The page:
2 Nov 2017 4:23 PM GMT
The Gujarat High Court, on Thursday, issued notice on the Appeals filed against the ex-parte injunction rendered by Additional Senior Civil Judge B.K. Dasondi of Ahmedabad rural court against the news website 'The Wire'.Civil Judge Dasondi had barred the news website from publishing any content “directly or indirectly” about Mr. Jay Shah, son of Bharatiya Janata Party National President...
The Gujarat High Court, on Thursday, issued notice on the Appeals filed against the ex-parte injunction rendered by Additional Senior Civil Judge B.K. Dasondi of Ahmedabad rural court against the news website 'The Wire'.
Civil Judge Dasondi had barred the news website from publishing any content “directly or indirectly” about Mr. Jay Shah, son of Bharatiya Janata Party National President Mr. Amit Shah, till the defamation suit filed against the website is disposed of.
Two separate Appeals have been filed before the High Court-- one by the author of the article Ms. Rohini Singh and by the Founding Editors Mr. Siddarth Varadarajan, Mr. Sidharth Bhatia and Mr. M.K. Venu, and the Foundation for Independent Journalism, the non-profit company that publishes 'The Wire'. The High Court has refused to stay the impugned order of the Civil Judge.
Senior Advocate Dushyant Dave, who appeared for 'The Wire' submitted that the impugned order reflects "total non application of mind and absolute failure to adhere to well settled principles for grant of injunction".
The Appellants relied on Article 19, which guarantees freedom of speech and expression, to include freedom of press. They submitted that the impugned article is wholly factual and is based on official records obtained from the Registrar of Companies. They further highlighted the fact that the order did not attempt to assess the truth or justifiability of the publication. The article, they therefore contend, cannot amount to defamation and should instead be viewed as fair comment on verified facts.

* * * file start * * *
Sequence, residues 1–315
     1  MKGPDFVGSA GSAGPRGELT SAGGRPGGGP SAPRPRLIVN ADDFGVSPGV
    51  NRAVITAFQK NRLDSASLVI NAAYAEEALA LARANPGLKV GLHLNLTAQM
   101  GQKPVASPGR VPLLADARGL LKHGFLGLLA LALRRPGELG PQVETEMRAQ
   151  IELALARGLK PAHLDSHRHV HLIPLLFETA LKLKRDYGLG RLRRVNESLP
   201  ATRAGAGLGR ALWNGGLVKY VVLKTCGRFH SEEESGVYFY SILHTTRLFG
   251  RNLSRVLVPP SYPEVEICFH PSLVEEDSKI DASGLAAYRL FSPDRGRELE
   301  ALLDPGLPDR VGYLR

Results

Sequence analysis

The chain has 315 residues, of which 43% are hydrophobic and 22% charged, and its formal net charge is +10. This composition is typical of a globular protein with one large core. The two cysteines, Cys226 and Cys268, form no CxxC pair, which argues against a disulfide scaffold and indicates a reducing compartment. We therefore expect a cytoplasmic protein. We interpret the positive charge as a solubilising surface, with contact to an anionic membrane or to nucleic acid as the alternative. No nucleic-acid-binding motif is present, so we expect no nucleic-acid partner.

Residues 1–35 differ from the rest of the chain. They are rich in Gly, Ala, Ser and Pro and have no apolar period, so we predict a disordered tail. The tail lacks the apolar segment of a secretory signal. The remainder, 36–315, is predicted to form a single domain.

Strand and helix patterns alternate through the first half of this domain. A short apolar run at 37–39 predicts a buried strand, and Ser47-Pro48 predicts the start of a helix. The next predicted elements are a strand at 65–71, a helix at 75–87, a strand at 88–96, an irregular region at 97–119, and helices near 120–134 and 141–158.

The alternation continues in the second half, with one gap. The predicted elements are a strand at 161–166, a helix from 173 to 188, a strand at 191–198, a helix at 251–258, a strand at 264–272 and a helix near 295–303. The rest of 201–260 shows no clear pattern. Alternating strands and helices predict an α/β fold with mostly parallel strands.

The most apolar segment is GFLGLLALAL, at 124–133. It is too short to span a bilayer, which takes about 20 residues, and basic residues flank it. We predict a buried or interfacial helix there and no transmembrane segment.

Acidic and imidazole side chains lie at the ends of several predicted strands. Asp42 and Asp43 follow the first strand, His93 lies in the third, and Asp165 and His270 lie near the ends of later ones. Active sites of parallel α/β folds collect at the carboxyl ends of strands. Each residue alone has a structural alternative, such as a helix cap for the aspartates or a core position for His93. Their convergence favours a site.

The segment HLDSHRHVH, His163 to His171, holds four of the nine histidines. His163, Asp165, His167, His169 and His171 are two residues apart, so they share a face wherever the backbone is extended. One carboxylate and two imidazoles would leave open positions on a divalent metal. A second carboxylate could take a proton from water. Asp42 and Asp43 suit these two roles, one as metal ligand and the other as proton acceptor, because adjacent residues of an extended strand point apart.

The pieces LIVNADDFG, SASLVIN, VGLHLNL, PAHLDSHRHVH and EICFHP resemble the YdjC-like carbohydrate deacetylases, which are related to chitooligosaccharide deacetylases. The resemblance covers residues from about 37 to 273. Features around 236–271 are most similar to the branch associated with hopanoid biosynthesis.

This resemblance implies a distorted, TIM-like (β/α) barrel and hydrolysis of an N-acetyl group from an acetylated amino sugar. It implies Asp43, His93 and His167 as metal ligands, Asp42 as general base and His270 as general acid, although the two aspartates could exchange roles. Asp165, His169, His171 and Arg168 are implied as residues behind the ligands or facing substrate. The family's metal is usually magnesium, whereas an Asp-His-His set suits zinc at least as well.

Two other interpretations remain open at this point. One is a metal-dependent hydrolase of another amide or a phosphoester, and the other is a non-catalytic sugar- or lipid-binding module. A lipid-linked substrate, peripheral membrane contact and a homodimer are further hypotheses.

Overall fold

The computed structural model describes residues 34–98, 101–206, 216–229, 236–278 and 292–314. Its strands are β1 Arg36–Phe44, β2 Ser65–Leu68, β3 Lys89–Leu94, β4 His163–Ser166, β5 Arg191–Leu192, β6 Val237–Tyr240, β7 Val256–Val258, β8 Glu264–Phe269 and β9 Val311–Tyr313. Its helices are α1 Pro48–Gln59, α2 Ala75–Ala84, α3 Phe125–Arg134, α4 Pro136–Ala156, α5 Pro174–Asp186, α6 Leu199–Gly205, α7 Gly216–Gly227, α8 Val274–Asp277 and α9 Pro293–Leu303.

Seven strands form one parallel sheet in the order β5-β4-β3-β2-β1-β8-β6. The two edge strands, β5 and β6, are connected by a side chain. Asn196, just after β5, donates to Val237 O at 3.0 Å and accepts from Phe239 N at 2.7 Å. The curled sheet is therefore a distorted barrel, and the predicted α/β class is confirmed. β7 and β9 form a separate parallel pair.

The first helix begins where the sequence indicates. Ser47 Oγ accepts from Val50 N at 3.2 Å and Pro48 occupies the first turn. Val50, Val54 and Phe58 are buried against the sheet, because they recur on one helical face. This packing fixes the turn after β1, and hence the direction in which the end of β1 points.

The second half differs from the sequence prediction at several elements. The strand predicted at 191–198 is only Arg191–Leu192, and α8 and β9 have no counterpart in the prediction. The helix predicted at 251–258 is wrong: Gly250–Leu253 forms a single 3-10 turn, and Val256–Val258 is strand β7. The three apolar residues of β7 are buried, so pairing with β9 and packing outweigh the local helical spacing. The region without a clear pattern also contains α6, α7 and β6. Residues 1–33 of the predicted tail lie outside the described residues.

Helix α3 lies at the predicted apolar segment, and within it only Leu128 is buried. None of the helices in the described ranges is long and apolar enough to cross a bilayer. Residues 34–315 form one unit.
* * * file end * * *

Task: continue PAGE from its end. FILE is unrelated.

The Appeals further contend that the impugned order "is completely anathema to legal jurisprudence" as it fails to mention the provisions under which it was granted and does not show any awareness of the article against which it was granted. They allege that the order does not reflect the principles established for grant of an ex parte injunction.
Furthermore, the Appeals submit that the impugned order does not discuss whether the allegations prima facie amounted to a crime and whether the balance of convenience rested in their favor.
Condemning the Trial Court's reasoning, the Appeals then aver, "These reasons are completely non-germane for the grant of an ex parte injunction, especially when Learned Judge has not even cared to discuss the merits of the case of the Plaintiff nor Plaintiff’s claim, if any on balance of convenience. The order of the Learned Judge therefore deserves to be set aside.
That the Impugned Order is mechanical in nature and does not appear to have been passed on proper consideration of the pleadings, material and documentary evidence on record nor does it analyze the Article in question to reach the conclusion that the said indeed demanded an order of injunction, much less an ex parte injunction."
The 'Gag Order'
The impugned injunction was issued in respect of the article titled The Golden Touch of Jay Amit Shah published by The Wire on 8 October. The article had claimed that the company owned by Mr. Shah saw a rise in its turnover after the BJP came to power in 2014.
Mr. Shah had alleged that the portal had published the article “in furtherance of their common intention to harm the reputation of the Complainant”. He had, in fact, called the article a “well-thought out, well-planned and well-executed conspiracy” and had contended that it is a “character assassination of the complainant without any verification, authenticity and/or even reasonable due diligence”.